CME: US and Canadian Sow Slaughter

by 5m Editor
29 May 2008, at 10:05am

US - CME's Daily Livestock Report for 28th May 2008.

Our discussion last week about cow slaughter and the source of those animals and your response to it suggested that we needed to present the same information for the U.S. and Canadian sow herds. Canada continues to reduce sow numbers, primarily by shipping them to the U.S. for slaughter. Canadian sow slaughter is down 20% (9,097 head), year-to-date, versus one year ago and Canadian producers now routinely ship between 87 and 91% of total weekly breeding stock culls to the U.S. for processing. The numbers of cull breeding animals coming to the U.S., however, has slowed dramatically in just the past three weeks, presumably because more Canadian culls are either going into or being held for the Canadian breeding herd reduction program which pays far more than market value for those animals. Our sources estimate that about 100,000 Canadian breeding animals have been signed up for the program but the number of those that were entered into the program retroactively (ie. the program pays for animals culled since November as long as the “entire barn” requirement is met) is still not known.

The chart below shows the year-over-year weekly change for U.S. sow slaughter and the number of animals that come from both the U.S. and Canada. Unlike our cow slaughter chart, we did not lag imported animals by one week since most of those move directly to slaughter plants. There is some error in these numbers, too, because the Canadian import data include both sows and boars. We are basically assuming that the proportion of those remains constant from year to year.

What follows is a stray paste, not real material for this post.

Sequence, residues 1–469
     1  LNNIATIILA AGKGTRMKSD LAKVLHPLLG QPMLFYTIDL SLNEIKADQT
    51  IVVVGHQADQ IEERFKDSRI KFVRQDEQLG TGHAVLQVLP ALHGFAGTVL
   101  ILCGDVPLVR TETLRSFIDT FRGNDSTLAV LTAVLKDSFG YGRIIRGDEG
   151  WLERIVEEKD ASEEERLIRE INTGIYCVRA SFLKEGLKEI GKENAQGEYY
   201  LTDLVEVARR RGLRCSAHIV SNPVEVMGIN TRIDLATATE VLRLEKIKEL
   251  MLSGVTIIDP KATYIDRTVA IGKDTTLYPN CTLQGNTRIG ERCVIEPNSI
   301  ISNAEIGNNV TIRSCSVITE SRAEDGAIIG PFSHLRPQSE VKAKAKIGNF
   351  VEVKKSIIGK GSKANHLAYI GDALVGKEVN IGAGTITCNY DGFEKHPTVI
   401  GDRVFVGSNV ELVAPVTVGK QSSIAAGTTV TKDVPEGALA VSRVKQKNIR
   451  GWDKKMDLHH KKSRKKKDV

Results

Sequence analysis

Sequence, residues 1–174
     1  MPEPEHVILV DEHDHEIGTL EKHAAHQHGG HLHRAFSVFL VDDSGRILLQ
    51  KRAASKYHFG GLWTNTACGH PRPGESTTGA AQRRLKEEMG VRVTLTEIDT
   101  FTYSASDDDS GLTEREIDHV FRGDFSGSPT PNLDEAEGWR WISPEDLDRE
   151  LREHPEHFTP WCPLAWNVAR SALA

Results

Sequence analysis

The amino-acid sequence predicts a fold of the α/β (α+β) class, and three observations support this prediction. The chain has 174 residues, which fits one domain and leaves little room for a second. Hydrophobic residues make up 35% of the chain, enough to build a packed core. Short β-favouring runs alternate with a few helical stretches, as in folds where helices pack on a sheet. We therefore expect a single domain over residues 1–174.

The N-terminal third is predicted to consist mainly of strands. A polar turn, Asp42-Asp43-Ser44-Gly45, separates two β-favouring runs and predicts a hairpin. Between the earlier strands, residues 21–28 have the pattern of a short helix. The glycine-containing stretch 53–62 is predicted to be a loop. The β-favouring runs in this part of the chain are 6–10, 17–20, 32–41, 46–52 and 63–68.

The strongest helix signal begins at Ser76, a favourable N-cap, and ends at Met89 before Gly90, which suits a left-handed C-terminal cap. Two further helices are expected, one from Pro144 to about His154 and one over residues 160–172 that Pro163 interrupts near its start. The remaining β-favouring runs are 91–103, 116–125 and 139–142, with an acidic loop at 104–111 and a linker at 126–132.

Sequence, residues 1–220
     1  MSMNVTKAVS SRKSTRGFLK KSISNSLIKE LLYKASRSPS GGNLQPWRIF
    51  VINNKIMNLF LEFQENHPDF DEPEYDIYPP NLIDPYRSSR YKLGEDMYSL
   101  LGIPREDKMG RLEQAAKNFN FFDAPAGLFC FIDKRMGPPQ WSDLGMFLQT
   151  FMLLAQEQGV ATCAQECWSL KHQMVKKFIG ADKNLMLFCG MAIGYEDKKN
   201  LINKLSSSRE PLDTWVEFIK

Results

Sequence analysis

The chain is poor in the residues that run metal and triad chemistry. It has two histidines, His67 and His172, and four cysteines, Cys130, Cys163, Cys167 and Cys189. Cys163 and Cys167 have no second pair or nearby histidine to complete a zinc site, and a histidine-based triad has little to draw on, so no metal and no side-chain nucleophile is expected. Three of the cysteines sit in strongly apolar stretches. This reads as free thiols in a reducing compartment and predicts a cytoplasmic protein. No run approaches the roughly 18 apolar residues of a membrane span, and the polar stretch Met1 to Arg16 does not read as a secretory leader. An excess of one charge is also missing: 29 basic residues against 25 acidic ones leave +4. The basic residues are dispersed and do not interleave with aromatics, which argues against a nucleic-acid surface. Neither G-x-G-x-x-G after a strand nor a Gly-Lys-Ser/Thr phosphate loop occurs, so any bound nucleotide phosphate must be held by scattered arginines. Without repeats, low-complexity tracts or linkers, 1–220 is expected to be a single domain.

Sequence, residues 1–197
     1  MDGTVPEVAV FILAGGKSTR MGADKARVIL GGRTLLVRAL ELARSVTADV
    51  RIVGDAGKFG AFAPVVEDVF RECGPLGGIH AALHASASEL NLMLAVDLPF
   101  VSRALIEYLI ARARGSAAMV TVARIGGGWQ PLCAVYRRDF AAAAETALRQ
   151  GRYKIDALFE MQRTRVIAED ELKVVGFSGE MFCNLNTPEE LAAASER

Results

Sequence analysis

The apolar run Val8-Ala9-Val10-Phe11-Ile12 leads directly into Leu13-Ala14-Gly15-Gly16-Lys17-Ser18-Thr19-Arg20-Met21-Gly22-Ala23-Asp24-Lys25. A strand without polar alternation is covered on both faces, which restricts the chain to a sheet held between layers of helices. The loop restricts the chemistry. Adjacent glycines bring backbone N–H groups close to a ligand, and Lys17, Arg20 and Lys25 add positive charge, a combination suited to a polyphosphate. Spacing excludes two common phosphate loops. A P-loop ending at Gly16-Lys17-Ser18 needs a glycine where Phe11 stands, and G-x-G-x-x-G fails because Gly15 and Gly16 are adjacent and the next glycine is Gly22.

E-Livestock Volume 5/28/08 5/27/08 5/21/08
LE (E-Live Cattle): 10,596 11,644 14338
GF (E-Feeder Cattle): 345 241 767
HE (E-Lean Hogs): 7,316 11,987 8631


The increase in the slaughter of U.S. sows since March 1 is obvious, as is the recent reduction in the number of sows coming from Canada. The magnitude of these changes is critical. Since January 1, Canadian processors have slaughtered 9,097 head more cull breeding animals while 24,880 more head have come to the U.S. The net of those number is 15,793 head or just over 1% of Canada’s 1.493 million head April 1 breeding herd.


Just over 68,000 more U.S. sows have been slaughtered, year-to-date, versus 2007. That amounts to about 1.1% of the March 1 U.S. breeding herd inventory of 6.138 million head and roughly the same percentage of last year’s June 1 inventory of 6.116 million head. Gilt slaughter data gathered by the University of Missouri show that gilts have accounted for 49.9% of total barrow and gilt slaughter thus far in 2008 versus 49.3% last year. A gilt slaughter rate of 49.4 to 49.5% suggests a stable breeding herd, so these data support the conclusion that sow numbers are falling as well.

And what about that noticeable lull in sow slaughter the first week of May? Some thought the reduction was due to producers’ seeing higher prices and concluding that good times were here again. While some may believe that lower prices and significant losses are behind us, the better explanation, we think, is that producers saw stronger butcher hog prices and decided that sow prices were likely to rise. The bottom graph shows that they were correct in spades! Heavy sow prices have risen nearly $10/cwt since the first week of May, adding $50-$60 per head to the value of cull sows. That kind of increase will even pay for a few weeks of very expensive feed! We think the recovery of U.S. sow slaughter the week of May 10 confirms our thoughts.

5m Editor